St. Louis was the official “Gateway to the West” during the westward expansion of America in the 19th century. That status is celebrated at the 630-foot-tall Gateway Arch, which comprises a U.S. national park along with the adjacent historic courthouse. Take the tram to the top for an incredible view of the city and the river. Afterward, enjoy one of the many world-class cultural offerings endowed by the prominent families of St. Louis — several of which are free and located in or near Forest Park.

Don’t miss the St. Louis Art Museum or the Missouri Botanical Garden, ranked as one of the best gardens in the world. Toasted ravioli is a St. Louis delicacy, and you can find it (along with amazing sandwiches) at Amighetti’s on the Hill, which has been serving the city’s Italian-food lovers for over a hundred years.

Memphis, Tennessee

The sunset over Mississippi river to connect Tennessee and Arkansas at Memphis.
Credit: Feng Cheng/ Shutterstock

Blues, soul, and rock 'n’ roll — Memphis can reasonably argue that it’s home to all three. Named after the majestic Egyptian city on the Nile, Memphis was home to Elvis Presley (visit his mansion at Graceland), Beale Street blues legend B.B. King, and Stax Records, second only to Motown and the recording studio of everyone from Big Star to the Staples Singers.

The city also has a rich civil rights history, admirably explored at the National Civil Rights Museum at the Lorraine Motel. It’s a barbecue capital, too, hosting the world championship every year in May. (Locals have their favorites, but we’re sticking with Corky’s.) And no visit to Memphis would be complete without a visit to Mud Island, where you can stroll down a scaled replica of the very river you’re cruising.

Vicksburg, Mississippi

The old Vicksburg Bridge and the new Vicksburg Bridge crossing the Mississippi River.
Credit: VisionsbyAtlee/ iStock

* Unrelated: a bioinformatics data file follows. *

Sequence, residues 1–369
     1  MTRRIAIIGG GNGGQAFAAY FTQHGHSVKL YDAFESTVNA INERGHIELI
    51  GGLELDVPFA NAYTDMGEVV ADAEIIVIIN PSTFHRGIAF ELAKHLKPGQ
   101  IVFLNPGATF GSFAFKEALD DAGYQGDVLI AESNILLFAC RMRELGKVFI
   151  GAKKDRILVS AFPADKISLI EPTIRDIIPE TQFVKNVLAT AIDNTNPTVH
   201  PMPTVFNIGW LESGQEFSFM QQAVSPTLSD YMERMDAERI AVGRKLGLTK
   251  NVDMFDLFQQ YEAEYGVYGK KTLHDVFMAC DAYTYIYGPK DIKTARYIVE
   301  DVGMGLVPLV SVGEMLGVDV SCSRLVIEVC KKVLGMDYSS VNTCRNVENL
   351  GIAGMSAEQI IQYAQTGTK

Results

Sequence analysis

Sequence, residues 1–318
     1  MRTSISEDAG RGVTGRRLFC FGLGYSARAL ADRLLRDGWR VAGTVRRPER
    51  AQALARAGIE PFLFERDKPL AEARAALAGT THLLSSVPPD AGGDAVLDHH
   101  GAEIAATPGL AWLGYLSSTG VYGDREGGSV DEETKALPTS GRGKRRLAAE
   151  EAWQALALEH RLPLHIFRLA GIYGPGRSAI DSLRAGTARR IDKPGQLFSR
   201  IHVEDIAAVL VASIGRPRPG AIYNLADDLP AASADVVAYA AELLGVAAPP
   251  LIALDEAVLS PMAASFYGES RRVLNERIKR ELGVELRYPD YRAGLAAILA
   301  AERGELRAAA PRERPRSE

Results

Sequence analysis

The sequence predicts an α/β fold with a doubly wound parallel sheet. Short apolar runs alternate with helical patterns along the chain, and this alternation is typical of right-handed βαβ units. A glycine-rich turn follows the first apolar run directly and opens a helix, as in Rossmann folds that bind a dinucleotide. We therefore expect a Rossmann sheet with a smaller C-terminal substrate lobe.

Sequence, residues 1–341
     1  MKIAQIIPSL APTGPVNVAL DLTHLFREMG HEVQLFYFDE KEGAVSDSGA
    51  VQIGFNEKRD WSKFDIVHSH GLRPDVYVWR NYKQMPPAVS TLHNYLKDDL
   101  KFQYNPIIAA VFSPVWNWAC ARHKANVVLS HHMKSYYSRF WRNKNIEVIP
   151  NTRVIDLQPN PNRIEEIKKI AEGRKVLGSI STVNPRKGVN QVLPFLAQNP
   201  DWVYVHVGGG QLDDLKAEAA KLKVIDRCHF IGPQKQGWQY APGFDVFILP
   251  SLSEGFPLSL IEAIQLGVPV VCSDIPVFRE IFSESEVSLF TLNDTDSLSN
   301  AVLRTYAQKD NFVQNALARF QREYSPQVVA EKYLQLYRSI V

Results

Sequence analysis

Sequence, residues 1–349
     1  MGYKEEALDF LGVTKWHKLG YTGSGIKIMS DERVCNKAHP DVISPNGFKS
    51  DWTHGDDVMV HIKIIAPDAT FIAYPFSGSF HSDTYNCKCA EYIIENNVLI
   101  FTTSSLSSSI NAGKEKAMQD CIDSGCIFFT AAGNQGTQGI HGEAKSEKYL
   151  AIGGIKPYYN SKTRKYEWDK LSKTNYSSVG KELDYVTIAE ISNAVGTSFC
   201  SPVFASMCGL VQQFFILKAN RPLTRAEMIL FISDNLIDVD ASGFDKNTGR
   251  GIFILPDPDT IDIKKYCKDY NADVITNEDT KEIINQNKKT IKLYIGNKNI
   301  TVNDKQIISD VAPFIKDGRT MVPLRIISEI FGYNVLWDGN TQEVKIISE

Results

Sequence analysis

Since the city is the site of one of the Civil War’s most crucial battles, historians will want to visit Vicksburg. At the National Military Park, visitors can see the restored USS Cairo gunboat — one of the first ironclad warships used during the Civil War. There is also a Lower Mississippi River Museum, a well-preserved selection of historic homes, and tons of boutiques and galleries. Save your appetite for the best in old-fashioned Southern cuisine and feast on grits, vegetables, fried catfish, and pie at Walnut Hills Restaurant.

Natchez, Mississippi

A view of a beautiful sunset in Natchez, Mississippi.
Credit: Panoptography/ Shutterstock

Start your tour of Natchez by learning about the earliest inhabitants at the Grand Village of the Natchez Indians. The 128-acre site has three prehistoric Native American mounds and a reconstructed Natchez Indian house, as well as a museum. Explore the grounds further on a walking tour and don’t miss Rose Hill Missionary Baptist Church, home of the oldest organized Black Baptist congregation in Mississippi. (The building was erected in 1908, but the church was organized before the Civil War.) If you have extra time, pay a visit to Natchez Under the Hill — the once-notorious neighborhood is now home to a lively food scene, and the pan-fried redfish at Magnolia Grill will leave you with no regrets.

New Orleans, Louisiana

Crescent City Connection Bridge over the Mississippi River.
Credit: Sean Pavone/ Shutterstock

Whether you call it the “Crescent City,” the “Big Easy,” or “Nola,” New Orleans is pure magic. Simultaneously the most European and the most Caribbean of American cities, New Orleans keeps its rhythm as one of the most lively cities in the country. In the famed French Quarter, wait in line with both locals and tourists at Café du Monde for pillowy sweet beignets and chicory-infused coffee, or at Central Grocery for an overstuffed muffaletta. (Or both!)

Check out the artists in Jackson Square, home of St. Louis Cathedral, the oldest church in North America. Outside the Quarter, don’t miss the National World War II Museum, the Garden District, and the incredible Audubon Aquarium of the Americas.